Valve seat 18 covers the entire horizontal surface of the high-pressure end of valve cartridge 6, initially and primarily contacting circular ridge 21 which is integral to the top surface of cartridge 6. This eliminates the need for a press-fit valve seat with corresponding close tolerances and the need for a separate sealing washer. When check valve 1 is assembled, little resistance is felt against the wrench while the cartridge is initially being torqued down. When the lower surface of valve seat 18 engages ridge 21, a sudden increase in required torque is perceived, and the assembler then knows that the proper depth of cartridge 6 within block 2 has been achieved. Circular ridge 21 is preferably approximately one-half the thickness of valve seat 18 so that ridge 21 can penetrate but not pierce seat 18. This provides an excellent seal against leaks under high pressure. It also focuses the forces exerted by poppet 16 while under pressure along the outside edge of seat 18, thereby minimizing the possibility of extrusion of seat 18 overall.
Spring 12 biases valve 1 in the normally closed position, forcing valve stem 10 and poppet 16 into and against seat 18. Under pressure, cartridge 6, particularly ledge 9, block 2, and poppet 16 provide both radial and axial support for seat 18, reducing wear and effectively transmitting extrusion forces to poppet 16, cartridge 6, and block 2.
As shown on FIGS. 6 and 7, paint control valve 22 employs slightly different means for providing the unique radial and axial support for valve seat 23. Fluid filter-diffuser 38, which receives and supports the low-pressure side of seat 23, has a bore 24 which is larger in diameter than preferred for seat 23. Back-up washer 28, made of a structural material such as steel, effectively reduces that diameter and provides axial support for seat 23. Sealing washer 33, made of a resilient material, forms a seal between filter-diffuser 38 and back-up washer 28.
Seat 23 is mounted between valve cartridge 26 and back-up washer 28. Circular ridge 30 is formed around the outside edge of cartridge 26 to sealingly engage seat 23. Seat support ring 25, made of brass or similar material, is placed inside the high-pressure end of cartridge 26 to radially receive and support cylindrical section 31 of seat 23.
The interior walls of seat 23 are tapered to receive and match the taper of poppet 32. Valve needle stem 34 extends centrally through the bore of cartridge 26 and into poppet 32. Retainer 36 surrounds stem 34 and transmits the forces of spring 37 to seal 35. Seal 35 is made of a resilient material which expands to prevent fluid leakage past stem 34 and out of cartridge 26.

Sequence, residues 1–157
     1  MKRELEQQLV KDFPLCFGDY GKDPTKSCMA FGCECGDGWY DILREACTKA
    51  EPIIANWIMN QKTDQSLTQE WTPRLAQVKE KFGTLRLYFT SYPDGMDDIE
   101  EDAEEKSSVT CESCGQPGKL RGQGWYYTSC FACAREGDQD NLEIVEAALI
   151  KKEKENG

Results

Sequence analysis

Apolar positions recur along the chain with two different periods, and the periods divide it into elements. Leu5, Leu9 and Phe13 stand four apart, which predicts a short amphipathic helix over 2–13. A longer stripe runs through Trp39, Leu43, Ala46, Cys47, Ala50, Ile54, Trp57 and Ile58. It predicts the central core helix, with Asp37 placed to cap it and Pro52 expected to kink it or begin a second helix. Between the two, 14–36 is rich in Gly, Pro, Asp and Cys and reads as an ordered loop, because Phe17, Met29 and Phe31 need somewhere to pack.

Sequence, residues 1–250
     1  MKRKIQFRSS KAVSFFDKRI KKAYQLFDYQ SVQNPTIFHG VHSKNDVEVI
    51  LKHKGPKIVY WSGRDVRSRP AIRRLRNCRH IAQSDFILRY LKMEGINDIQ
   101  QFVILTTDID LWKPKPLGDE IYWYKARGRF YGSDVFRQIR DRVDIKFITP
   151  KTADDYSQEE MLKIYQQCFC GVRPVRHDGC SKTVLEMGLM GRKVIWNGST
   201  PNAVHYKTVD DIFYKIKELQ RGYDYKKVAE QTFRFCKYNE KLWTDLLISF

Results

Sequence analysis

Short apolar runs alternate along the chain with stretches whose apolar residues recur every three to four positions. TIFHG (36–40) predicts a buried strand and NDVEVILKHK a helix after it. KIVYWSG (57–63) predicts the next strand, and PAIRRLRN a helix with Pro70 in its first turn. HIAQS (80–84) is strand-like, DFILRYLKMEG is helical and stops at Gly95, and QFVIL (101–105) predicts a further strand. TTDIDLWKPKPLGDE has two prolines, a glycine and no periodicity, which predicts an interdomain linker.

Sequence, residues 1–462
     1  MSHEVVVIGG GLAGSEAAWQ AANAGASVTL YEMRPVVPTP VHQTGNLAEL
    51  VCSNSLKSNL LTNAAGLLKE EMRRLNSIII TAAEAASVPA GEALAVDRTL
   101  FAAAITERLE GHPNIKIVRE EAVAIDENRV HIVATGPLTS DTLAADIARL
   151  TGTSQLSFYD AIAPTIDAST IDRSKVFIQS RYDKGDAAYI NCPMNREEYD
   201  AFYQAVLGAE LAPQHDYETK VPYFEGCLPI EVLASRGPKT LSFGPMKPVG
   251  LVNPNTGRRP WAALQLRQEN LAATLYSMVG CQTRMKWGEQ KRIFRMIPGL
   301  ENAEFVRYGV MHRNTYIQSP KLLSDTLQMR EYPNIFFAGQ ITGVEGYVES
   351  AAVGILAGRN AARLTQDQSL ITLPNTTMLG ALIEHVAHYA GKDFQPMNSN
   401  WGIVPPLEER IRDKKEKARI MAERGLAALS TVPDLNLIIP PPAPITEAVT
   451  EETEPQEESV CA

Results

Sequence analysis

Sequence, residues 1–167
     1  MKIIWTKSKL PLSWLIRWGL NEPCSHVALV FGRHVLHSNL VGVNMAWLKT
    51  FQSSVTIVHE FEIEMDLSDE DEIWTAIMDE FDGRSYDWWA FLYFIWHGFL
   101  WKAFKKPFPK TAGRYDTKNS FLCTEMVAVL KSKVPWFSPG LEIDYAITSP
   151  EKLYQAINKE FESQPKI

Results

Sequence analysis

When the spray gun operator wishes to commence paint flow, needle stem 34 is actuated, moving poppet 32 away from seat 23. Paint under high pressure can then enter port 39 and flow into fluid filter-diffuser 38.
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|U.S. Classification||137/315.27, 137/541, 137/543.13, 251/361, 137/315.13, 251/362, 251/333, 137/454.5, 251/365|
|International Classification||F16K15/06, F16K1/42|
|Cooperative Classification||F16K1/42, Y10T137/7931, Y10T137/7934, F16K15/06, Y10T137/6065, Y10T137/6017, Y10T137/7613|
|European Classification||F16K1/42, F16K15/06|
|Jun 13, 1988||AS||Assignment|
Owner name: SCOTT & FETZER COMPANY, 2880 CLEMENS ROAD, WESTLAK
Free format text: ASSIGNMENT OF ASSIGNORS INTEREST.;ASSIGNOR:CONATSER, ROGER L.;REEL/FRAME:004886/0704
Effective date: 19870320
|Dec 6, 1990||AS||Assignment|
Owner name: CAMPBELL HAUSFELD/SCOTT FETZER COMPANY, 28800 CLEM
Free format text: ASSIGNMENT OF ASSIGNORS INTEREST.;ASSIGNOR:SCOTT AND FETZER COMPANY;REEL/FRAME:005525/0672
Effective date: 19901030
|Nov 4, 1991||FPAY||Fee payment|
Year of fee payment: 4
|Dec 15, 1995||FPAY||Fee payment|
Year of fee payment: 8
|Mar 21, 2000||REMI||Maintenance fee reminder mailed|
|Aug 27, 2000||LAPS||Lapse for failure to pay maintenance fees|
|Oct 31, 2000||FP||Expired due to failure to pay maintenance fee|
Effective date: 20000830